In Geneva, O’Connor had been planning to see US Trade Representative Katherine Tai, whom he met in Washington in early October, but he was less gung ho than new US ambassador Tom Udall was this week about the prospects of a free trade agreement.
“We do have brief discussions on it,” said O’Connor, “But they have been quite clear they are not ready to re-engage at the moment and we have said that the door is open for the time that they are ready to re-engage.”
On other trade issues, O’Connor would not put a timeline on when Britain would accede to the 11-member Comprehensive and Progressive Agreement for Trans-Pacific Partnership.
He was clear that the UK application, as the first from outside, would be completed before the applications by China and Taiwan would be considered.
And with reference to the trade conflicts between China and Australia, O’Connor said: “It will be essential I’m sure that some of those issues be resolved before China would be accepted by all members into CPTPP.”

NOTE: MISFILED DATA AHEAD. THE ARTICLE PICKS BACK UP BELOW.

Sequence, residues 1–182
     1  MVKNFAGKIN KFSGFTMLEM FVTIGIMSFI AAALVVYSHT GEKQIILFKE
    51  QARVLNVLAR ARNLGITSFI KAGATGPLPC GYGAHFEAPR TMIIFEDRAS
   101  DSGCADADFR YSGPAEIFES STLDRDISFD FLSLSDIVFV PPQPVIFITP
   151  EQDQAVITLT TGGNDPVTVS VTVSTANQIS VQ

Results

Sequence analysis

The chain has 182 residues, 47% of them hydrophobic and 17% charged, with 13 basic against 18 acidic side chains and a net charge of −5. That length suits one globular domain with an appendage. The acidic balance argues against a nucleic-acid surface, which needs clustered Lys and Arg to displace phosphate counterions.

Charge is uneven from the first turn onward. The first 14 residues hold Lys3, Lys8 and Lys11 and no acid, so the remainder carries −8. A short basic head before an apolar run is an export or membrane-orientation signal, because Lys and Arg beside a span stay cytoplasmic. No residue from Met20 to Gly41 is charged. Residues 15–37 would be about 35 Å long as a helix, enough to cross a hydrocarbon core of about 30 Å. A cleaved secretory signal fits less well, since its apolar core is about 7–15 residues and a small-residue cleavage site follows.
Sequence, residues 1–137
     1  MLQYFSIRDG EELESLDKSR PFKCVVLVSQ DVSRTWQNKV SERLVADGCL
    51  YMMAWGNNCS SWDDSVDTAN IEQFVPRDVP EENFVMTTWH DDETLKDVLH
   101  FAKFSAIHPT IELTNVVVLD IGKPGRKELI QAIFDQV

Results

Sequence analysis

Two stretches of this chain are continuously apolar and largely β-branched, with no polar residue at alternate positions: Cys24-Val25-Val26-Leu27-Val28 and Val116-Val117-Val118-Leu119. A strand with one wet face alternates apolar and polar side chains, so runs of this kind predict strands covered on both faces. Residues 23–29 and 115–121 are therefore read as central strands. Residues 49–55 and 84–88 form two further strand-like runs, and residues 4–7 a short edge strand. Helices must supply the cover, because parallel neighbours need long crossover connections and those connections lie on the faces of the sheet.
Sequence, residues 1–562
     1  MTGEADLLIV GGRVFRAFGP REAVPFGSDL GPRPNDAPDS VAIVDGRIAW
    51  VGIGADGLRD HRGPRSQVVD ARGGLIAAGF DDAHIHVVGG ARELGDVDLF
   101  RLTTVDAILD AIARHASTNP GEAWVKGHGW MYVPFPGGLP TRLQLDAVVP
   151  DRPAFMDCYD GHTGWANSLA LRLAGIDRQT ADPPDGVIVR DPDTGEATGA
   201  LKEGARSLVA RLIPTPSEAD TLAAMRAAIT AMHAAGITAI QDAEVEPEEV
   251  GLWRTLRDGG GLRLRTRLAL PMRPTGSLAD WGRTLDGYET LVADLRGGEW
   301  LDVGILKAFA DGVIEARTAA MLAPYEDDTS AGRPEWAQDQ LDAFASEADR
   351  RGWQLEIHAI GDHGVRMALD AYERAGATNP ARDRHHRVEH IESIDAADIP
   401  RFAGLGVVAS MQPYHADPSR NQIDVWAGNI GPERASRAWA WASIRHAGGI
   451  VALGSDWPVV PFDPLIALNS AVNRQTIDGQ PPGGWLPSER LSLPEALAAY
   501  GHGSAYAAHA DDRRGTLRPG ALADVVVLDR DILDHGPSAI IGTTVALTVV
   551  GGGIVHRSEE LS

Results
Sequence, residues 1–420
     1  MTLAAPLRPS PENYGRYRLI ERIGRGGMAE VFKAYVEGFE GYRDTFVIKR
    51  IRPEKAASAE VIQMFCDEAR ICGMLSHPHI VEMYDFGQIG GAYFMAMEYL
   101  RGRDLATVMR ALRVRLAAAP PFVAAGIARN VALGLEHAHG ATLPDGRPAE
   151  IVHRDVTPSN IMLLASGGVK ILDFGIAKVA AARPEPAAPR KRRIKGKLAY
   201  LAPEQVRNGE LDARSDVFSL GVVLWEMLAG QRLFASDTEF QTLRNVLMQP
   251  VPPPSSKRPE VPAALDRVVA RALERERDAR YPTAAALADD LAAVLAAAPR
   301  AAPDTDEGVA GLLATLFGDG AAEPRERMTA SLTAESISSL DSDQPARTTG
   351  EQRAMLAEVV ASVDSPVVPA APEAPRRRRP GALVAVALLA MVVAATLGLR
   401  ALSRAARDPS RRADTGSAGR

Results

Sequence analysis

But they were two separate processes.
“It is not for New Zealand to make judgment. It for us to participate along with other members of CPTPP in what must be an objective and consistent process of receiving requests for accession and then working through those properly.”
Asked about his priorities for the first quarter of next year, O’Connor said that concluding the FTA with the UK would be the highest priority -it is only at the stage of an agreement in principle.
“It is unlikely we will make huge progress in the EU in the early stages of next year but we hope by the middle of the year, we can get on with that.”
O’Connor is also hoping to get to Expo in Dubai next year and off the back of that, to perhaps revive the FTA that was concluded with the Gulf states in 2009.
“With the Gulf states, we’ve had negotiations in previous years that we would like to pick up off the back of Expo.”
Foreign Minister Nanaia Mahuta was there recently for Te Aratini, an indigenous-focused festival as part of Expo, and New Zealand was a location of great interest.
“The story of New Zealand is one that many people want to find out about. I think our profile internationally has been enhanced through Covid, through what has been and is seen as good management of Covid in challenging times.
“That provides us with an opportunity to explain who we are, where we come from and how we can engage, both through goods and services around the world.”